Government & Politics

Late spending push helped lift Quinton Lucas, but not Steve Miller, in KC mayor runoff

Council members Justus, Lucas win Kansas City mayoral primary, will face off in June

Councilwoman Jolie Justus and Councilman Quinton Lucas emerged victorious in Tuesday night’s Kansas City mayoral primary, prevailing over nine competitors for the chance to face off in the June general election.
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Councilwoman Jolie Justus and Councilman Quinton Lucas emerged victorious in Tuesday night’s Kansas City mayoral primary, prevailing over nine competitors for the chance to face off in the June general election.

A last-minute spending push appears to have helped vault Councilman Quinton Lucas past other top contenders and into the runoff for Kansas City mayor, campaign finance reports released Tuesday show.

Lucas, who will face fellow council member Jolie Justus in the June 18 general election, dropped $77,998.98 into the race in late March, more than double what he spent during the much longer filing period from mid February through March 21.

That late spending just days ahead of the primary election was likely a crucial element of his success on April 2. A mid-March poll commissioned by The Kansas City Star placed Lucas at 4 percent, trailing Justus, construction attorney Steve Miller, Councilwoman Alissia Canady and Councilman Jermaine Reed.

Lucas finished with 18 percent of the vote, second only to Justus, who collected 23 percent.

The latest campaign filing was due Monday and includes data from March 22 through March 31. But Lucas’ campaign didn’t file his report until after 5 p.m. Tuesday, a full day late, which will likely result in a $10 fine from the Missouri Ethics Commission.

Lucas wasn’t the only one to spend furiously in the final days of the campaign. Miller, whose prolific mailers and signs landed in mailboxes and on front yards early in the campaign, poured more than $83,000 into the race in late March. For him, it yielded a fourth-place finish behind Justus, Lucas and Canady, who outperformed several candidates with more money.

Justus, who finished first at the polls, was second in spending in the final days. She paid out about $26,000, primarily to campaign staff, but raised more than $40,000 to replenish her campaign after spending the bulk of her cash in the month-and-a-half before the primary. She spent $332,468.08 between Feb. 17 and March 21.

She has $56,471.81 on hand for the general election.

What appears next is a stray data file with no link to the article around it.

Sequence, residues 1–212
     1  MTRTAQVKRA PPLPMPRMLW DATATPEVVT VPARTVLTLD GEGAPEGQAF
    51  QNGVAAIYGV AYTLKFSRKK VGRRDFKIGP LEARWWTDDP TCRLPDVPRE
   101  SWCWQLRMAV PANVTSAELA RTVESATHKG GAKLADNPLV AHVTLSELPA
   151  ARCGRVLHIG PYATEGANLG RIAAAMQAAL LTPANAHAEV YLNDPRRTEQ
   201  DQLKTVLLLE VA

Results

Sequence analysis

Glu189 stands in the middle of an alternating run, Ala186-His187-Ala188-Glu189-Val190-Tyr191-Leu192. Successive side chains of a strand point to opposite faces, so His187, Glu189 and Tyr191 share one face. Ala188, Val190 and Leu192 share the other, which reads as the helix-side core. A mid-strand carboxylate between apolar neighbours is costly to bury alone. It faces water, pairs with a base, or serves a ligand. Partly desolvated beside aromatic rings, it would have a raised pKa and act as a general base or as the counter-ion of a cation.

A powerhouse fundraiser, Justus brought in a total of $717,238.06 and spent $658,690.10. She also benefited from more than $90,000 spent on her behalf by Carpenters Help in the Political Process, a political action committee. She was endorsed in the primary by the St. Louis-Kansas City Carpenters Regional Council.

Most of Lucas’ last-minute spending — $39,786.40 — paid for consulting, including $5,000 for general consulting and $34,786.40 specifically for communications consulting. He spent nearly $9,000 on paid advertising, nearly $1,400 printing campaign materials and $15,000 on research from Penn, Schoen Berland, a Washington, D.C.-based consulting group.

According to PSB’s website, it can help identify and activate target voters, develop campaign messages and provide polling and other campaign intelligence.

Lucas also paid out about $8,500 for campaign workers days ahead of the vote.

In the last days of the campaign, he raised only $4,773, but he had $67,402.59 on hand as of March 31.

Miller paid most of the $83,000 to Ingress Strategies, which handled his printing, mail, digital marketing and texting services. He started spending heavily prior to the reporting period and totaled nearly $574,000 for the cycle.

After Miller, Lucas and Justus, Councilman Scott Taylor was the biggest spender down the stretch, disbursing more than $19,100. Canady spent nearly $14,000 from March 22 to March 31, more than the $4,615 she raised over the same period

Her third-place finish appeared to be the result of strong grassroots support. She spent just over $76,400 for the cycle.

Phil Glynn, a Crossroads businessman and first-time candidate, raised $4,710 as election day approached, and spent roughly half that amount. He finished the race with more than $70,000 on hand.

Councilman Scott Wagner, 1st District at-large, raised nearly $2,000 in the final days and spent $4,149.86.

The KC Leadership Fund backed Wagner with more than $21,000 in spending, and Southland Progress chipped in more than $650 for Taylor.

Reed, the 3rd District council member who is termed out of his council seat, also had not filed a quarterly report.

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Allison Kite reports on City Hall and local politics for The Star. She joined the paper in February 2018 and covered Midterm election races on both sides of the state line. She holds a bachelor’s degree in journalism with minors in economics and public policy from the University of Kansas.